The dominant notes in this portrait are a concern for social justice and the environment, a focus on the poor, oppressed and marginalised, a suspicion of power and a commitment to participate in the effort to build a better world.

Why It Matters
In my experience it is common for Christians and churches to emphasise one of these portraits and to neglect the others. This creates a faith that is unbalanced and diminished.

For example, those who focus on Christ as the forgiving Jesus easily neglect social justice. The overriding focus of their spirituality is getting souls saved for eternity and all else is seen as a distraction from this goal. Consequently adherents of this portrait frequently fail to address the challenges of our age and so present a faith that has little relevance and attraction to those outside the church.

The danger for those embracing the empowering Jesus is captivity to the aspirational values of our age. With little critique of the cultural systems in which we live and a weak sense of sin, those holding this portrait of Jesus all too easily slip into a narcissistic individualism in which Christ simply endorses the consumerist priorities of our culture and faith is a means by which they are attained.

For those following the just Jesus it is all too common to embrace a Christ who changes social structures but does little to change me, to reduce sin to systemic wrongdoing and so tolerate personally poor behaviour, and to neglect questions of conversion and our eternal destiny in favour of the transformation of our temporal destiny.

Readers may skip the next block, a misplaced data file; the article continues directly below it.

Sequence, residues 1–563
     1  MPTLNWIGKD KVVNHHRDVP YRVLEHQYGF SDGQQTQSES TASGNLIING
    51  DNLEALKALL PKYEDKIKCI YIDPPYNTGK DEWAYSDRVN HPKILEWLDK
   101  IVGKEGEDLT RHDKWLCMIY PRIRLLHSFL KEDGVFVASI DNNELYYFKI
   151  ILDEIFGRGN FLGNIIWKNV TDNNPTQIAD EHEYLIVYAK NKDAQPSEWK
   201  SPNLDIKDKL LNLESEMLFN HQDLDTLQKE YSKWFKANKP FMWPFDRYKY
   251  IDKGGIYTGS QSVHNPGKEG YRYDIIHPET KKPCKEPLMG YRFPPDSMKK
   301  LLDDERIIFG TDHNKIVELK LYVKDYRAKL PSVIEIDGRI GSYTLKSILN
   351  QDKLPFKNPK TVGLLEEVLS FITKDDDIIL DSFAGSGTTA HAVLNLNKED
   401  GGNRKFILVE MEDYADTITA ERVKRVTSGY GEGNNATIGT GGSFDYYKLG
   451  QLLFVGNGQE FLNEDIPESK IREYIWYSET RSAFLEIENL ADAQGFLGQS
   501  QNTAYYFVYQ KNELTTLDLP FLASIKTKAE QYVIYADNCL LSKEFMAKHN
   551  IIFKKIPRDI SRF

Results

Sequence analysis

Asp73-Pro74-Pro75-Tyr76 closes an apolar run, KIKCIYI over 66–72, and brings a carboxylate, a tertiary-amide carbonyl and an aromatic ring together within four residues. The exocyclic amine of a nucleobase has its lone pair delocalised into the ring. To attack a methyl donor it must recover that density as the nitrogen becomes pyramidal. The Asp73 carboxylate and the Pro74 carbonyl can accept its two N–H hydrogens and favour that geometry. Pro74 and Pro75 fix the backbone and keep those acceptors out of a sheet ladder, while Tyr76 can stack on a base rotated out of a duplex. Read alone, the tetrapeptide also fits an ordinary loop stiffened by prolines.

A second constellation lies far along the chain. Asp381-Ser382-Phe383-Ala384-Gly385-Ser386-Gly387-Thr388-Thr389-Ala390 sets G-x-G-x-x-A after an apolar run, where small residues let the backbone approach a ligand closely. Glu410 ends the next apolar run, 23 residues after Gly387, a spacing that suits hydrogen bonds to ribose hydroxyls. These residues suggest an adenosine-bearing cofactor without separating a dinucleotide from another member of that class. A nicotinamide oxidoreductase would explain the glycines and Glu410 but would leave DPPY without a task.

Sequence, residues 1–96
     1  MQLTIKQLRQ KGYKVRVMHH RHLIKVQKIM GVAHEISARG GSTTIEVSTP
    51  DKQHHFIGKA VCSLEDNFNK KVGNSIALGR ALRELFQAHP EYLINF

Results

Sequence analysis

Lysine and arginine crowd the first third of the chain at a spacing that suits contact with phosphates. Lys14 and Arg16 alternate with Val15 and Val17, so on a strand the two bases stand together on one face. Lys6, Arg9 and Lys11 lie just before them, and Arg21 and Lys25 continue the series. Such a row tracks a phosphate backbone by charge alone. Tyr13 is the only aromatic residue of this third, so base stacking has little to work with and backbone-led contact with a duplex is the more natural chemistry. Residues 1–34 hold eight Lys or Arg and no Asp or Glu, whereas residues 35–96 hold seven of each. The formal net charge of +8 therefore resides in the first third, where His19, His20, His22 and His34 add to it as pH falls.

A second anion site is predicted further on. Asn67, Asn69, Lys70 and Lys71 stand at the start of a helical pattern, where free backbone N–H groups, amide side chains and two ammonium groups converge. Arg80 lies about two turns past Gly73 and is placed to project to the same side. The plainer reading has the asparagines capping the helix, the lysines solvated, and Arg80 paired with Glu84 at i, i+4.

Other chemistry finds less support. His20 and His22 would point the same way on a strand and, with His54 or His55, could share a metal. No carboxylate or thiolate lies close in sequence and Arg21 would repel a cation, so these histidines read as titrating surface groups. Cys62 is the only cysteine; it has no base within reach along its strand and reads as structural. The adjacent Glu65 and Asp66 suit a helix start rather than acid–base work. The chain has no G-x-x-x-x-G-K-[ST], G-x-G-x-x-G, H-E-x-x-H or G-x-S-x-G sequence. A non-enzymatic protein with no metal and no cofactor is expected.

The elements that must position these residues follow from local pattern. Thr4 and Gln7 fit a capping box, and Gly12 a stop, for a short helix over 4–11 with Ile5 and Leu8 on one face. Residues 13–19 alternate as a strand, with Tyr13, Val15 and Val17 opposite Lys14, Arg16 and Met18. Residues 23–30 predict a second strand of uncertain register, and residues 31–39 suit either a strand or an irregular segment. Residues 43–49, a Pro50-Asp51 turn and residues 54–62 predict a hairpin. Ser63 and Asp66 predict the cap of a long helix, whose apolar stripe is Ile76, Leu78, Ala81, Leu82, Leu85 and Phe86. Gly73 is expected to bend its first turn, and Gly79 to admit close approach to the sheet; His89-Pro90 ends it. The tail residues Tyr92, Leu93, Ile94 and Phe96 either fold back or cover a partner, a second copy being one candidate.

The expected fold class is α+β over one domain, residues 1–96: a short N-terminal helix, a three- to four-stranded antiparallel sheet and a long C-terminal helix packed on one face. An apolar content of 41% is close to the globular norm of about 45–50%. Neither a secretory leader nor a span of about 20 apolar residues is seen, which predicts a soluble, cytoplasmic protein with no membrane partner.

Indeed, so far apart are the adherents of each portrait when those portraits are held to the neglect of the other that there often appears to be little common ground. To each group the other groups appear to hold to an alien and unbiblical faith.

It seems to me that each portrait captures an important dimension of the biblical witness to Christ, but that each portrait is also incomplete. To do justice to the biblical witness we need to hold to all three portraits – to a Jesus who in forgiving sin calls us to turn away from treading the path that leads to eternal death and opens the way to receive the gift of eternal life; who as the one true human who perfectly images God calls us to grow into our humanity and through the Spirit is continually working to move us toward this goal; whose view of humanity is inherently social, feeding a vision for a just, inclusive, equitable and graceful world, driving a prophetic critique of systems that exploit, damage and oppress, and calling us to work with God to see God’s will done on earth as in heaven.

Embracing this more complete portrait of Jesus will lead us to a more complete worship, a more complete reading of Scripture, a more complete piety, a more complete engagement with our culture and a more complete mission to our world.